141 100 109 107 45 502 Total % 28.0 0.9 93.1 19. 0 0 0 0 0 0 % 0.0 0.0 no. none of the children had oedema.2 Anthropometry Distribution of Acute Malnutrition in Z-score.2.1 7 6.5 32 6.0 93.0 6 6.6 89.7 21.4% respectively and lies below the WHO emergency thresholds of 15% and 4% respectively.3 2 4.5 and 0.5 93.0 no.2% and 6.0 0.4 Normal (> = -2 z score) No.0 52. WHO and NCHS references The table below shows the distribution of acute malnutrition by age group in z-score and/or oedema as per WHO standards.0 0.8 48.0 0. This applies for the various age categories save for the 18-29 and 54-59 categories that lie at 1.1 The overall sex ratio of 1. WHO references Age (mths) 6-17 18-29 30-41 42-53 54-59 Total Total 139 99 109 107 44 498 Severe wasting (<-3 z-score) 0 0 0 1 0 1 % 0.7 42. This is attributable to the use of local calendar of events in age determination GIRLS 54-59 BOYS Age in months 42-53 30-41 18-29 6-17 -80 -60 -40 -20 Percentage 0 20 40 60 80 Figure 1: Distribution of sex by age group 6.0 100.Table 3: Distribution of age and sex of sample AGE (months) 6-17 18-29 30-41 42-53 54-59 Total Boys no. 132 93 102 96 42 465 % 95. with only one child diagnosed with marasmus.0 0.9 0.0 0.2 52. It is evident that majority of the children in all age groups are normal with severely and moderately malnourished children accounting for 0.5 1.4 Oedema No.0 0.8 – 1.9 0. ACF-USA / Makueni County / March 2012 11 .7 1.3 47.4 10 9. There were no cases of bilateral oedema.0 47.1 0. Table 4: Prevalence of acute malnutrition by age based on WHZ-scores and/or oedema.2 Moderate wasting (>= -3 and <-2 zscore ) No.5 60.7 respectively.5 40.3 57. % 7 5.3 9.1 1.7 95. 67 40 52 56 26 241 Girls % 47.7 52. 74 60 57 51 19 261 % 52.9 21. On the whole.0 0.1 fell within the acceptable ranges of 0.0 Table 5 presents the categories of acute malnutrition based on the presence or absence of bilateral oedema.0 Ratio Boy: girl 1.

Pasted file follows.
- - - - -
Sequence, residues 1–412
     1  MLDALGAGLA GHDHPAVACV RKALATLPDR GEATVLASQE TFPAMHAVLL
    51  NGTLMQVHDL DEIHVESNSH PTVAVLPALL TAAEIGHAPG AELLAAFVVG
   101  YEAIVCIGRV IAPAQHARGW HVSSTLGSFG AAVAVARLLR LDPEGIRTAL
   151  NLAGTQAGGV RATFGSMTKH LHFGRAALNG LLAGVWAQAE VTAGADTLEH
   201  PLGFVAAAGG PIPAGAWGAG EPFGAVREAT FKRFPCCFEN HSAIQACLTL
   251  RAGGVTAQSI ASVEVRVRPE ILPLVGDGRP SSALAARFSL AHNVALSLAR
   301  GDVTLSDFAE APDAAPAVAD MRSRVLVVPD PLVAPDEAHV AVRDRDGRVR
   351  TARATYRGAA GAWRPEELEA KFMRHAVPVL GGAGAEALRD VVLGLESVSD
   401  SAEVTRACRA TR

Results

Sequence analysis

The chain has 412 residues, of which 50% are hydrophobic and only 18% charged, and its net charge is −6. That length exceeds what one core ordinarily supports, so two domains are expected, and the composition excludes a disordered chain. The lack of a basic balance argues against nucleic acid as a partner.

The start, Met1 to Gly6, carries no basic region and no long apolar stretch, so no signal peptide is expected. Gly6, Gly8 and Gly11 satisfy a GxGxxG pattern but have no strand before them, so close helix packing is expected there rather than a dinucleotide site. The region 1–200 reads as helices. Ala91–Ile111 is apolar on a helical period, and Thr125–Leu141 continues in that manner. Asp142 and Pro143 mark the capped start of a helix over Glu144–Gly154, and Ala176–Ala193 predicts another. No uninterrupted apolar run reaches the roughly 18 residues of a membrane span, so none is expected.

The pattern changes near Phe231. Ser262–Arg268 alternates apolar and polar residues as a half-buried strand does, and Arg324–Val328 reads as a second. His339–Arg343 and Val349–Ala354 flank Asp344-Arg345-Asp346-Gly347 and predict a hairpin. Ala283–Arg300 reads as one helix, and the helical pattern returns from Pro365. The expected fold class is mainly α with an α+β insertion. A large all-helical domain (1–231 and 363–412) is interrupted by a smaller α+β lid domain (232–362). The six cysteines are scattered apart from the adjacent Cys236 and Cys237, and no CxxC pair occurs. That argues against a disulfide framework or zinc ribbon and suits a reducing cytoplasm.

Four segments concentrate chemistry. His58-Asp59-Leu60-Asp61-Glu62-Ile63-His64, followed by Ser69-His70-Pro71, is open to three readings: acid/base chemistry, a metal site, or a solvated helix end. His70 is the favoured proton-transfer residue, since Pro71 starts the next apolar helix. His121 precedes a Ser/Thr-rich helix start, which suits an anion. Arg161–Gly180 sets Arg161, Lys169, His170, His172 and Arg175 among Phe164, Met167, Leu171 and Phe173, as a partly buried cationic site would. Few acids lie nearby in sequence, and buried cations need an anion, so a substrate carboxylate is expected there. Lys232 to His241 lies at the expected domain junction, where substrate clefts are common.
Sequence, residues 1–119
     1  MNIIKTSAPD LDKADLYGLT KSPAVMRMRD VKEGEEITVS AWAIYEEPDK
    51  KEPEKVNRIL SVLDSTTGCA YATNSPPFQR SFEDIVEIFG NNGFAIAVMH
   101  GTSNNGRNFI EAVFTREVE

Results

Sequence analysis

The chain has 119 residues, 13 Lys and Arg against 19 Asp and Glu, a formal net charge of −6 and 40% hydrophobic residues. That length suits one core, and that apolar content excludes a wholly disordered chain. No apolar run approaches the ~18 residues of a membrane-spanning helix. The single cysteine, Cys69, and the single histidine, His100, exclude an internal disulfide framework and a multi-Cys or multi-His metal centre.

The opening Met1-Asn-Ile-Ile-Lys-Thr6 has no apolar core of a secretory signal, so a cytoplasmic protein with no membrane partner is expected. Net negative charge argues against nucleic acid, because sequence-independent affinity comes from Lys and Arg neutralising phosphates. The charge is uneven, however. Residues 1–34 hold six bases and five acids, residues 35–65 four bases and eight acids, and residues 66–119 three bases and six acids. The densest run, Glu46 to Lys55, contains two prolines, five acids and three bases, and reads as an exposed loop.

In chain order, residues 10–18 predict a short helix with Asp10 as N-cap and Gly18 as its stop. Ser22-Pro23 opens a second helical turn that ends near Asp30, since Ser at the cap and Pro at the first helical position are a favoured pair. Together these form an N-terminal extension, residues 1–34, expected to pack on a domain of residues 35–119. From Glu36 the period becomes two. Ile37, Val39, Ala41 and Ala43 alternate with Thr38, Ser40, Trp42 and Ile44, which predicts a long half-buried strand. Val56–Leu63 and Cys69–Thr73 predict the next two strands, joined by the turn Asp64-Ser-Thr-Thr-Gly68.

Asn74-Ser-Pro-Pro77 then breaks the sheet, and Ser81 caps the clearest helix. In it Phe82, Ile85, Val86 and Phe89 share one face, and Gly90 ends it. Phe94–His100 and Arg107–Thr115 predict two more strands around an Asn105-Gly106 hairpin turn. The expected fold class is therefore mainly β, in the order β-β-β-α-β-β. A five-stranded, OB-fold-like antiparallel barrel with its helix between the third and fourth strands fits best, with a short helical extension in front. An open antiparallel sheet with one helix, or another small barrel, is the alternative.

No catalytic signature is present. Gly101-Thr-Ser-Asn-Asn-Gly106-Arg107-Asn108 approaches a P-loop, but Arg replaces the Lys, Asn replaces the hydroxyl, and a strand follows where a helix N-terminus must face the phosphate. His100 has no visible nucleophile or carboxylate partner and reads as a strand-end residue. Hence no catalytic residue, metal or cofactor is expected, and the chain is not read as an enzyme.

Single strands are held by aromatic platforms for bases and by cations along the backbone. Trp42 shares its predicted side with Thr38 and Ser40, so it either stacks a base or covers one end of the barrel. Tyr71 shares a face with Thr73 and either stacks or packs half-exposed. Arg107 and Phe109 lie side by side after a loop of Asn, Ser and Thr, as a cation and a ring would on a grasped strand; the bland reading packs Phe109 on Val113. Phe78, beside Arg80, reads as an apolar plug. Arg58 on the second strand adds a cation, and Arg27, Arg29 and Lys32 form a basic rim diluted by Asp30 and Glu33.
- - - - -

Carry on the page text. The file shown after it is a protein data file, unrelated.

87 247 >= 90 cm height N 1 1 9 156 230 % 0.2 2.2 C.6 0.0.10.5% in 2011 and 40.0 3 1. 0 (0.6 14. Trends indicate that the number of stunted children is on the increase (33.6 5.9 82.0.9% in 2012).05 (0. This indicates a poor nutrition status of the sample population Figure 2: Weight for Height distribution in Z-score compared to the WHO standard Further analysis of the results indicates that the malnutrition rates based on gender have got no significant statistical difference (GAM P value = 0.0 %) Not severely malnourished No.2% (3.I.04) ACF-USA / Makueni County / March 2012 12 .85 N 1 13 73 403 563 Total % 0.5 C.2% (0.I.6% (4. Moreover.0.00 It is evident from the figure on the left that stunting levels are very high in Makueni County.9 C.3 76 64. 497 (99.1.5 171 83 43.0 C.4 93.28 86 >=75 cm to < 90 cm height N % 0 0.4 40.44) Table 6: Global and Severe Acute Malnutrition in Z-score WHO Reference Prevalence of GAM Prevalence of SAM 6.I.) Distribution of Middle Upper Arm Circumference Table 7: MUAC distribution MUAC in mm MUAC < 115 115 = MUAC < 125 125 <= MUAC < 135 MUAC.) NCHS Reference 5. the results indicate that there is significant statistical difference as p value is less than 0.4 32 15.2 100.Table 5: Distribution of acute malnutrition and oedema based on weight-for-height z-scores <-3 z-score Marasmic kwashiorkor No.0% (0.0 9 7. 1 (0.0.0 %) Marasmic No.8.8 %) Oedema present Oedema absent The sample population curve in figure 2 is displaced slightly to the left of the reference curve.) 0.8 32 27.) 0.2773 and SAM P value= 0.9 15.2 %) >=-3 z-score Kwashiorkor No. 0 (0.3.>= 135 Total >=65 cm to < 75 cm height N % 0 0.I.

An average household size of 6.35 (0.000/day 0.000/day Crude mortality rate Under five mortality rate The unveiled CMR and U5MR are below the WHO and Sub Saharan Africa emergency thresholds 6.4 was unveiled in March 2012 with majority (85.0% (0.38) /10.09 – 1. or marriage.06 – 0. WHO standards 6.00) /10.Figure 3: Height for age.39)/ 10.00-0.3 RETROSPECTIVE MORTALITY SURVEY Findings from the mortality study are illustrated below Table 8: Mortality data Number of current households residents Number of people who joined Number of people who left Number of births Number of deaths Total population 2806 40 290 32 4 Children (0-59 months) 562 21 6 32 0 The trends on retrospective mortality rates are as follows: Table 9: Mortality rates March 2011 0.05 – 0.7%) of the households headed by men The main (56.15% (0.000/day March 2012 0.000/day 0.4 SOCIO-DEMOGRAPHIC CHARACTERISTICS OF THE RESPONDENTS During data collection.0%) occupation of the household head was daily wage labour amongst others as illustrated in the figure to the left ACF-USA / Makueni County / March 2012 13 .17 (0. blood.48) /10. A household head on the other hand was an individual in one household setting who provides actual support and maintenance to one or more individuals who are related to him or her through adoption. a household was defined as members who live in the same dwelling and share food from the same pot.